When discussing his bill to exempt taxes for investing in municipal infrastructure, state Sen. Stan Gerzofsky recently made the perfect argument in favor of keeping public notices in newspapers.
He wondered why no one had heard of his proposal, telling WCME news director Jim Bleikamp it had been filed in January and available online ever since.
Gerzofsky, a Brunswick Democrat, unwittingly makes the point we often make to anyone who will listen: The newspaper industry offers a ubiquitous, searchable and reliable place for public notices — one that’s more robust and accessible than any state government website could ever be.
That’s one of the main reasons we support LD 1344 — currently before the State and Local Government Committee, of which Gerzofsky is a member. The committee could hold a work session on the bill as soon as Monday.
The bill requires that “legal notices appearing in a newspaper also appear in any publicly accessible website that the newspaper maintains.”
Starting in July 2014, such websites would have to offer a search function for notices. Maine newspapers are uniquely capable and prepared to establish and maintain such a system.
The proposal ensures public agencies continue to place notices in newspapers — where people have sought this information for more than a century — and heads off initiatives for the state to post notices exclusively online.
To us, letting government print notices about government is the fox guarding the henhouse.
It’s true a growing percentage of Mainers get their news online, but many still rely on printed newspapers, especially in a state where 27 percent of households lack high-speed Internet. To help those who can’t or won’t go online, this bill ensures that public notices stay in print, not be vacuumed into the abyss of cyberspace.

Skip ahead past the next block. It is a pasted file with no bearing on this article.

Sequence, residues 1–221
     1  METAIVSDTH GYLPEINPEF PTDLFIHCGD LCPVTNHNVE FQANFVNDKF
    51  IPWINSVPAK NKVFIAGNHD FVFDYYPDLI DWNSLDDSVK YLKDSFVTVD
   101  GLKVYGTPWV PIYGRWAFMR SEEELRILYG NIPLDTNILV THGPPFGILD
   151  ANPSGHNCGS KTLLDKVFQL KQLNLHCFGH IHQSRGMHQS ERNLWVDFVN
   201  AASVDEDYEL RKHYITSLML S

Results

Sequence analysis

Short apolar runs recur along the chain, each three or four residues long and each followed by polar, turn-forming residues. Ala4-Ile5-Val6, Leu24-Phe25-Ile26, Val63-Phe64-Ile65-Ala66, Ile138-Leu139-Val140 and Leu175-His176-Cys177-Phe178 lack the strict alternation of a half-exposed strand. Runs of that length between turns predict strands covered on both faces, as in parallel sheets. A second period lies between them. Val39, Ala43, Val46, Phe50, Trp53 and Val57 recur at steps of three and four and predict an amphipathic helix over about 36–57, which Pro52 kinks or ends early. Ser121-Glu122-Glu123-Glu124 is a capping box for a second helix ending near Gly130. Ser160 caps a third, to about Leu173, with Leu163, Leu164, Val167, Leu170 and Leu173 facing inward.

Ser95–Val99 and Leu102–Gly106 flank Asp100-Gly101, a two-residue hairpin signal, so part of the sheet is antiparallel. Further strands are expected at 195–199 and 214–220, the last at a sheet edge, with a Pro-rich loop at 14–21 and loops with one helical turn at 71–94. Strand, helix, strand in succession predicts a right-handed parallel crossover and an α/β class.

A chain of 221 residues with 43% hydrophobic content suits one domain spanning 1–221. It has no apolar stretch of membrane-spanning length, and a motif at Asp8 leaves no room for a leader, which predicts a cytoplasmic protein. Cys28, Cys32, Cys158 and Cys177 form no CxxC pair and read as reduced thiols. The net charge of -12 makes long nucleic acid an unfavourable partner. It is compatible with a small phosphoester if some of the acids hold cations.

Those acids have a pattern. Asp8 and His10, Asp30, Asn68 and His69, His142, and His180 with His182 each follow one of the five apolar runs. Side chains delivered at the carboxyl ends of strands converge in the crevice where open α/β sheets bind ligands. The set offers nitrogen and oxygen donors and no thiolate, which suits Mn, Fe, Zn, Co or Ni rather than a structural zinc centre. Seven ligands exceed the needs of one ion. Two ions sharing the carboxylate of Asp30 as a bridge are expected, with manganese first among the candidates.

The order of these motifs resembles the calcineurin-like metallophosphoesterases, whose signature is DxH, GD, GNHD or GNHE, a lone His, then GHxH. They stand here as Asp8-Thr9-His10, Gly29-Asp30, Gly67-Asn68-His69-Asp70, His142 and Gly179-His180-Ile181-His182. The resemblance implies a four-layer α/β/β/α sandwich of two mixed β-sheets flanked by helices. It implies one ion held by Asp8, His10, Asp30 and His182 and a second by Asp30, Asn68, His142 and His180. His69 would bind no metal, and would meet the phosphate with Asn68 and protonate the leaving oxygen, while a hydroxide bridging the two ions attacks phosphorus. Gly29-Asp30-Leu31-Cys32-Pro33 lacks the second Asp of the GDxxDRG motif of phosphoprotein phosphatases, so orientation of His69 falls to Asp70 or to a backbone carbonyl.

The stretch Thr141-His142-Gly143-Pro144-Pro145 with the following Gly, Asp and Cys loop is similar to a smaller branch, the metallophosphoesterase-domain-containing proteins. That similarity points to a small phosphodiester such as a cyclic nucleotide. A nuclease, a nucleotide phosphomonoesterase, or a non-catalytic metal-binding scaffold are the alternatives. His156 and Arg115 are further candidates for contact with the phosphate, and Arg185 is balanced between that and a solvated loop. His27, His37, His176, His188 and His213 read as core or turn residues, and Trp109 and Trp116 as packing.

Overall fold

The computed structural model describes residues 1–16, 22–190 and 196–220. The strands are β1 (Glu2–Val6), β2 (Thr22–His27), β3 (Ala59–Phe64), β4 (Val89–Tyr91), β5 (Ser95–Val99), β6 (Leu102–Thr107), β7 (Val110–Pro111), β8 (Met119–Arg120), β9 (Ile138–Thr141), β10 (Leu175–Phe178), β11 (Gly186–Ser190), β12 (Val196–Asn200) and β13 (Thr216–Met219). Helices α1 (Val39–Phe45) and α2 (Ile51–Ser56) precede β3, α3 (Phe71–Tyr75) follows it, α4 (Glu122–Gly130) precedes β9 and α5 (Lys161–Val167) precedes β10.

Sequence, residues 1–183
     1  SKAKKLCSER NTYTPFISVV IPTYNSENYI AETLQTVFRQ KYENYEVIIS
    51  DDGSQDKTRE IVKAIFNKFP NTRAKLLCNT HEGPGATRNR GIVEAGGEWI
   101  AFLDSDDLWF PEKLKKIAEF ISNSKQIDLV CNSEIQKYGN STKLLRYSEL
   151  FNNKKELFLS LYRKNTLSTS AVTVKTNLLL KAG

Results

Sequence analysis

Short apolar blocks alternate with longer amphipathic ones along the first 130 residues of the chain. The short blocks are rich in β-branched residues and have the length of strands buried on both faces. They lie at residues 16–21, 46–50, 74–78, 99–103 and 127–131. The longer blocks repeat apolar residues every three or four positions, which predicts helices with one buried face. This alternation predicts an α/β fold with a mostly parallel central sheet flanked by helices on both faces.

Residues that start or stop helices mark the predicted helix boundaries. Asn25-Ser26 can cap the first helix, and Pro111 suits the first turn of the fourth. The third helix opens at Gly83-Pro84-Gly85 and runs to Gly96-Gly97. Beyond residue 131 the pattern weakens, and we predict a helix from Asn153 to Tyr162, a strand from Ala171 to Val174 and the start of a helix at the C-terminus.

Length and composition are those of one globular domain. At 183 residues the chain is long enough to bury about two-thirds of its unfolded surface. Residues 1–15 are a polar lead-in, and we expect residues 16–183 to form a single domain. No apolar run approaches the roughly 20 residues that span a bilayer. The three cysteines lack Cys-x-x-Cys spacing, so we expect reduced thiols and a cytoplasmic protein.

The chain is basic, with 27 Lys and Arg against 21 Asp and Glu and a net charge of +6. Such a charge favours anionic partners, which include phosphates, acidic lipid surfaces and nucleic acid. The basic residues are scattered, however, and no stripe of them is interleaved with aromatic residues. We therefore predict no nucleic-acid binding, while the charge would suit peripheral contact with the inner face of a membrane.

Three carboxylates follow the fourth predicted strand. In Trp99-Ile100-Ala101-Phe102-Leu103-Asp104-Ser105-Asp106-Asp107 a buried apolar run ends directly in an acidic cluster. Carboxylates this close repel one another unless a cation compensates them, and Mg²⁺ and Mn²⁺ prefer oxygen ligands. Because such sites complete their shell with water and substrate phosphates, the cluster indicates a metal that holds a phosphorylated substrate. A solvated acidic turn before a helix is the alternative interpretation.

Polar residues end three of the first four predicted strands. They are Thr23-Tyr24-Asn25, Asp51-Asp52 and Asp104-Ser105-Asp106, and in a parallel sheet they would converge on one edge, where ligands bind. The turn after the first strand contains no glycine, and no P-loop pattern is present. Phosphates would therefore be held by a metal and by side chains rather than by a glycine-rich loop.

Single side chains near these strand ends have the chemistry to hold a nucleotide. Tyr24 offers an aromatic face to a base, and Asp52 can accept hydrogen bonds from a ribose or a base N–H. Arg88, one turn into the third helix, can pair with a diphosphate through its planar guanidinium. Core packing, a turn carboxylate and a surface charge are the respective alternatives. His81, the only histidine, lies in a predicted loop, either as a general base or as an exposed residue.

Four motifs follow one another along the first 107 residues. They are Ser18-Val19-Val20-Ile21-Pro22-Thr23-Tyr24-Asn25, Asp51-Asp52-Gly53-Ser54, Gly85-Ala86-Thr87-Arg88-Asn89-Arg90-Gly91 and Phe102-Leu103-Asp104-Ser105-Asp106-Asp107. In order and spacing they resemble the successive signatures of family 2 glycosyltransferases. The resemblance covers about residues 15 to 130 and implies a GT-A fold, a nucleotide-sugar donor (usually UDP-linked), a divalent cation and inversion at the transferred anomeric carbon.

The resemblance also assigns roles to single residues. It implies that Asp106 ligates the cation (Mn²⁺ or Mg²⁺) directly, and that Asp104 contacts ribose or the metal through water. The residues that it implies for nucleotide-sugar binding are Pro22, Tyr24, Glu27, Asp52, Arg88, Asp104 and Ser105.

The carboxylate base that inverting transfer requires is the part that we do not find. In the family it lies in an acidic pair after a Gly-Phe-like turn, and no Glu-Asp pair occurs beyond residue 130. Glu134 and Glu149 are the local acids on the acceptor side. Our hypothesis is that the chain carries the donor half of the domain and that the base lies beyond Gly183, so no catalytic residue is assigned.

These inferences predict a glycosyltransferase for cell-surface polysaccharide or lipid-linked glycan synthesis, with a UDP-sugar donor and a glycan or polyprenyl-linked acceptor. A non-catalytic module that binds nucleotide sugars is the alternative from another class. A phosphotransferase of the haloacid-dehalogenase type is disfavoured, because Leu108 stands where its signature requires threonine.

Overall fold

Newspapers have long been responsible for keeping the public informed about government activities via public notices. And Maine citizens have come to expect they will find them in newspapers.
Daily newspaper website traffic in Maine is more than 20 times that of maine.gov — 28 million page views per month versus 1.2 million, according to the Maine Press Association, which backs the bill, and of which The Times Record is a member.
LD 1344 would enhance public notice by requiring that online notices be searchable, and by allowing readers to sign up for free email notifications of new legal notices.
And LD 1344 offers a hybrid print-online approach to public notices, in recognition of the transition that Maine is experiencing toward digital media.
It maintains legal notices in print, and requires that newspaper websites also publish notices in a timely, uniform and reader-friendly way.
Yes, there is a financial motive in play. Newspapers would benefit financially from LD 1344, in that the bill would preserve a revenue stream for an industry that has seen nearly all of them vanish into cyberspace.
Unless government officials would like to see newspapers’ watchdog role further diminish along with their finances — and certainly, there are some who fit that description, especially in the Blaine House — it would make sense, for transparency’s sake, to allow newspapers the responsibility it has carried for centuries to keep the public informed of what its government is doing.
LD 1344 does that, and its cost to the public is greatly outweighed by the preservation of newspapers’ traditional role as an independent check on government.